Wonderful Recipes and Amazing Food – Hawaii Regional Cuisine

Categorized as Maui Vacation Information

During my last stay on Oahu I stayed at an Oahu Hotel and ate out at some extremely wonderful restaurants that were serving such delicious food that I wanted to learn more about it. Well, it turns out that the food that was being served was known as Hawaii Regional Cuisine, and this type of cuisine combines all of the best qualities of the Hawaiian Islands.

Hawaii Regional Cuisine began on Maui in August of 1991 had its origins when twelve master Island chefs formed an association to develop a world-class cuisine that has now won major international culinary awards.

These twelve chefs that conceptualized “Hawaii Regional Cuisine” are Sam Choy, Mark Ellman, Alan Wong, Beverly Gannon, Jean-Marie Josselin, Amy Ferguson Ota, George Mavrothalassitis, Philippe Padovani, Peter Merriman, Gary Strehl, Roy Yamaguchi, and Roger Dikon.

This new cuisine centers around fresh local fish and vegetables as well as exotic Island fruits, and utilizes a blend of culinary techniques from both the Eastern and Western traditions.

The multicultural techniques of Hawaii Regional Cuisine derive from the rich history of immigration in the Hawaiian Islands, when waves of foreigners from many different countries, including Europe, Asia, and South America, arrived to work on the sugar plantations.

The elements of Hawaii Regional Cuisine are taken from the various ethnic dishes brought by immigrants: malasadas and sausage from the Portuguese; char siu, tofu, and soybeans from the Chinese; sashimi and wasabi from the Japanese; sweet breads; and bagoong (fish sauce), jicama, and marungary from the Filipinos.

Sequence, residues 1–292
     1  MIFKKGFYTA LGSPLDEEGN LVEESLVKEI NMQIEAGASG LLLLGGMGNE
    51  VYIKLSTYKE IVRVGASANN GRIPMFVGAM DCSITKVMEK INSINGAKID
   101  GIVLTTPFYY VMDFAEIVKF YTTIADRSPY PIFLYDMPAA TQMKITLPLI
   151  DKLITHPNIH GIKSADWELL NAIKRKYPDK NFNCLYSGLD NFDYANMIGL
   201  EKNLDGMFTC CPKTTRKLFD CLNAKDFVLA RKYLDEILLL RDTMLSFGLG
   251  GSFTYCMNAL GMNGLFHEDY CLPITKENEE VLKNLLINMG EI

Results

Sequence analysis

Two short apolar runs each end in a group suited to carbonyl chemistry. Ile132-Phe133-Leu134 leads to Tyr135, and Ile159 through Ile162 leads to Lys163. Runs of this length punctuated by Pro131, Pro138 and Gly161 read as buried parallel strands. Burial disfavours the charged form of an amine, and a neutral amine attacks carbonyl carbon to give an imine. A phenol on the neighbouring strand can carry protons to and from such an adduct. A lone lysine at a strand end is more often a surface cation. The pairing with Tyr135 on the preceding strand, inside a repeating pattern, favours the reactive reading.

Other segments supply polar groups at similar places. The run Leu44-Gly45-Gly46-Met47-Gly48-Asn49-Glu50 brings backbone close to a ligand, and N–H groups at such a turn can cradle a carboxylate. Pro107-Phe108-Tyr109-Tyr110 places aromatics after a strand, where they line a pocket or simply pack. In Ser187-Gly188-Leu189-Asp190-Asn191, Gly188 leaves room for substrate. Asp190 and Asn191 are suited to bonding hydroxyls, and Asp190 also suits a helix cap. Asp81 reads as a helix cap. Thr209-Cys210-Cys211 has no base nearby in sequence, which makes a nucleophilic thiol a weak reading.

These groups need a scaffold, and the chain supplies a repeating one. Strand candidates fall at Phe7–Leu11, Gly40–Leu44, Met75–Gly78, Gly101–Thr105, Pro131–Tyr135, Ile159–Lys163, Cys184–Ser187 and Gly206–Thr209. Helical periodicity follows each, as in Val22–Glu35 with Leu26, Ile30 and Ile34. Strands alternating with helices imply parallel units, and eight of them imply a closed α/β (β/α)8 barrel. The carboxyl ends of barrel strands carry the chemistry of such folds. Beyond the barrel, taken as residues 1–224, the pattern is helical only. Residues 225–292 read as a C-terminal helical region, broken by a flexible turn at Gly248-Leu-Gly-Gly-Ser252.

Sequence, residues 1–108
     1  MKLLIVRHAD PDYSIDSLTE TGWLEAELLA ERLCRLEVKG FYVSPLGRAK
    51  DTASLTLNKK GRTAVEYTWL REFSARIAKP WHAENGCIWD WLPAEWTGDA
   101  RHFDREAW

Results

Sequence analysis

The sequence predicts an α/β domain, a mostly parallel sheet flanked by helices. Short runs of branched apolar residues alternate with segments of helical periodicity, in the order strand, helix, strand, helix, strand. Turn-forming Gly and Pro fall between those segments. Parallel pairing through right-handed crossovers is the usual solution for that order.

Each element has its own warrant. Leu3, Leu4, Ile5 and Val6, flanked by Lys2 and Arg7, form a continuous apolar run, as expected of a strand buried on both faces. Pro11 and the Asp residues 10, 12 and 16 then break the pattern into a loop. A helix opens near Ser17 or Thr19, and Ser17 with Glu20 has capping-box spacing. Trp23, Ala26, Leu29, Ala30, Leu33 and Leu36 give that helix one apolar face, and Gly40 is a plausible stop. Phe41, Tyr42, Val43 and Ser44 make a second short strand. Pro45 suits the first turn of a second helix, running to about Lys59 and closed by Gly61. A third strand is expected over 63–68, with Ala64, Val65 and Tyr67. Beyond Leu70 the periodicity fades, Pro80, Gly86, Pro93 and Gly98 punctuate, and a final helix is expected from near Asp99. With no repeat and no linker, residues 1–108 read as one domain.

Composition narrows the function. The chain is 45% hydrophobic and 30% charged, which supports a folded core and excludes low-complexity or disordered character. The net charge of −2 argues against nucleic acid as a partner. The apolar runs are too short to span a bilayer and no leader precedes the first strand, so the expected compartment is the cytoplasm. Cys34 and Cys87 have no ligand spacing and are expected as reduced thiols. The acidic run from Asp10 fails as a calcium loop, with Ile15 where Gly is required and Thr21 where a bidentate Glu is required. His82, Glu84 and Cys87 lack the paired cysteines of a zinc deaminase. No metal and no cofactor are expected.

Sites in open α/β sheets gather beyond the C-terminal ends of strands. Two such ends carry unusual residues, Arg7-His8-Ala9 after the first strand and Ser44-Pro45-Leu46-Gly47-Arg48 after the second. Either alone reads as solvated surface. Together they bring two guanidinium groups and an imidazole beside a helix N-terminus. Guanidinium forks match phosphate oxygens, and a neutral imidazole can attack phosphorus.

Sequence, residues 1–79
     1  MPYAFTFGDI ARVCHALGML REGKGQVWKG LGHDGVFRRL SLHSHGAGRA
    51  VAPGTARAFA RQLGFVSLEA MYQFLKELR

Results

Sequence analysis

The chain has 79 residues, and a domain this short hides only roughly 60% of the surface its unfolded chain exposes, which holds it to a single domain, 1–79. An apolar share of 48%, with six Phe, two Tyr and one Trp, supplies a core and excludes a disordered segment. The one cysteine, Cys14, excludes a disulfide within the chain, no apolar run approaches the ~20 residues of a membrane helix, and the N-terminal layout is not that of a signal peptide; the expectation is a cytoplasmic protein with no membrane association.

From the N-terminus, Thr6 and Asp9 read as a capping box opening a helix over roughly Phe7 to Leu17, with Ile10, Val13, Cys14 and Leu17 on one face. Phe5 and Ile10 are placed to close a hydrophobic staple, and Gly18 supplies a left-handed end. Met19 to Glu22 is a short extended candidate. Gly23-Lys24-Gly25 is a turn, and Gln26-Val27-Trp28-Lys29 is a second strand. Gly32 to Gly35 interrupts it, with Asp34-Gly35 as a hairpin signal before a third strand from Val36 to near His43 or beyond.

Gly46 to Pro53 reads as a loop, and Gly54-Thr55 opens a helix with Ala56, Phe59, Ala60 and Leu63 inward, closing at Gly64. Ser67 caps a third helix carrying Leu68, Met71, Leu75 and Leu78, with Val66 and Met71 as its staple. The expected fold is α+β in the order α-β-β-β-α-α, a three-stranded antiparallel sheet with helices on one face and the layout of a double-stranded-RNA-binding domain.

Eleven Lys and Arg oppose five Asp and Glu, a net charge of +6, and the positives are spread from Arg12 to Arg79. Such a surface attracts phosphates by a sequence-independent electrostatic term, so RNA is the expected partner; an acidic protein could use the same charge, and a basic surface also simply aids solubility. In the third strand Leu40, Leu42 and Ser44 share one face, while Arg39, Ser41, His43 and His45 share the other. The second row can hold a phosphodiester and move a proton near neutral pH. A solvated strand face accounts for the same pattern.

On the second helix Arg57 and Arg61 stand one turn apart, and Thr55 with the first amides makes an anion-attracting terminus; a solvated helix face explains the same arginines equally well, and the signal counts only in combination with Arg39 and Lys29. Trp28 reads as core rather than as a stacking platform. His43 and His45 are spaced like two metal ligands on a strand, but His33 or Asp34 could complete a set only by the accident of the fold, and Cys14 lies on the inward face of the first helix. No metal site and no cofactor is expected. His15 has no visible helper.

Many dishes of the new cuisine are a blend of these and other cultural elements—including Hawaiian, Sāmoan, Korean, and Spanish—such as might have developed in the community cookhouses of the plantation villages in the Hawaiian Islands from the end of the 1800s through the first half of the 1900s.

Hawaii Regional Cuisine has now become a movement, and this modern cuisine emphasizes creative uses of ingredients such as ginger, soy, and garlic to create tasty and aromatic dishes that are increasingly popular with residents as well as visitors.

The new Hawaiian cuisine differs from local-style food such as one might find at a lūau, or traditional Hawaiian feast, which usually centers around kālua pig cooked in an imu (underground earthen oven), and traditionally includes poi (mashed taro root) and such fare as opihi, lomi salmon, squid, and chicken long rice.

The uniqueness of Hawaii Regional Cuisine is largely due to the use of fresh Island products, such as lobsters and coffee from Kona, fern shoots from Waipio Valley, asparagus and basil from Maui, fiddlehead fern shoots picked in the mountains, mint grown in Waimea, goat cheese from Puna, and guava-smoked lamb from Hawaiian ranches.

Other distinctive Island ingredients include palm hearts, breadfruit, macadamia nuts and Hawaiian Vintage chocolate. Coconut milk is used in traditional dishes such as haupia (coconut pudding) as well as for creative new uses, such as Island-style coconut milk curry sauce and other flavorful fare.

Fresh Island fish comes in many types, from the standard favorite of ahi (tuna), to opakapaka (snapper), opah (moonfish), and shutome (swordfish). Other seafood utilized in Hawaii Regional Cuisine includes prawns and scallops prepared with a variety of innovative sauces.

Freshly caught ahi may cut into poke, seared, and then served with shoots of pīpīnola (native Hawaiian squash root), or served with lilikoi shrimp butter,. Dessert might include such tropical treats as lilikoi chiffon pie.

I have been delighted to experience this Hawaiian Island Cuisine during my stay in the Islands. Tonight I am going to stay at a great Maui Vacation Rental near some fine restaurants and I can’t wait to go out and experience some more of this delicious Hawaii Regional Cuisine.